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Abstract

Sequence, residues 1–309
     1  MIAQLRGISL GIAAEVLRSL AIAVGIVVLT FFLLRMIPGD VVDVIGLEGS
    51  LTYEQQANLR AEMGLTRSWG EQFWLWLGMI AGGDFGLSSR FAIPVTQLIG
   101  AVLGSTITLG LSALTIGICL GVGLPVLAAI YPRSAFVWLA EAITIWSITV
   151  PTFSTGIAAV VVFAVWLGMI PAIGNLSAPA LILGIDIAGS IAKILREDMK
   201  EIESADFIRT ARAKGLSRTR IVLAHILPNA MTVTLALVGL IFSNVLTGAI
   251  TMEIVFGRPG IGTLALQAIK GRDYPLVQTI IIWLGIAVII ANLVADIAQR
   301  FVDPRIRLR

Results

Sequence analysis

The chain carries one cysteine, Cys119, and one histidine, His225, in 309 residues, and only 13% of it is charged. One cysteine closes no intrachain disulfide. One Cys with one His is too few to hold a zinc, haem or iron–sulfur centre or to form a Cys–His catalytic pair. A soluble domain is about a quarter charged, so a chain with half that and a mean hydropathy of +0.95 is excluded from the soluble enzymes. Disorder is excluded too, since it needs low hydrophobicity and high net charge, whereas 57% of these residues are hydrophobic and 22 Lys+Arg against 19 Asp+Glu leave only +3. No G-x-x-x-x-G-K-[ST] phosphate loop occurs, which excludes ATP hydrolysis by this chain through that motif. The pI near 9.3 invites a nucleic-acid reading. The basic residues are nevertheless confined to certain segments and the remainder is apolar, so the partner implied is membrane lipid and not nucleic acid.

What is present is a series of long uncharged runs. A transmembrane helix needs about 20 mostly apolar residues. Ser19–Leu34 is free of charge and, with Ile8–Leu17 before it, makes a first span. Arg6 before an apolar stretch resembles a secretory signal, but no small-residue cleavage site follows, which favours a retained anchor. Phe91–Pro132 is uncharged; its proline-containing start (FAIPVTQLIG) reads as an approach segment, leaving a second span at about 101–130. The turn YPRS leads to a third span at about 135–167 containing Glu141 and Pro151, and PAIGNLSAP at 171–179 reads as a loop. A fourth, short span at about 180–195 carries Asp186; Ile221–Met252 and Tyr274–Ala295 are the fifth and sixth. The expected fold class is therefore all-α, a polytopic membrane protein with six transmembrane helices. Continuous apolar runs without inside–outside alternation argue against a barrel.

Compelling evidence exists that pain may affect the motor system, but it is unclear if different sources of peripheral limb pain exert selective effects on motor control. This systematic review evaluates the effects of experimental (sub)cutaneous pain, joint pain, muscle pain and tendon pain on the motor system in healthy humans. The results show that pain affects many components of motor processing at various levels of the nervous system, but that the effects of pain are largely irrespective of its source. Pain is associated with inhibition of muscle activity in the (painful) agonist and its non-painful antagonists and synergists, especially at higher intensities of muscle contraction. Despite the influence of pain on muscle activation, only subtle alterations were found in movement kinetics and kinematics. The performance of various motor tasks mostly remained unimpaired, presumably as a result of a redistribution of muscle activity, both within the (painful) agonist and among muscles involved in the task. At the most basic level of motor control, cutaneous pain caused amplification of the nociceptive withdrawal reflex, whereas insufficient evidence was found for systematic modulation of other spinal reflexes. At higher levels of motor control, pain was associated with decreased corticospinal excitability. Collectively, the findings show that short-lasting experimentally induced limb pain may induce immediate changes at all levels of motor control, irrespective of the source of pain. These changes facilitate protective and compensatory motor behaviour, and are discussed with regard to pertinent models on the effects of pain on motor control.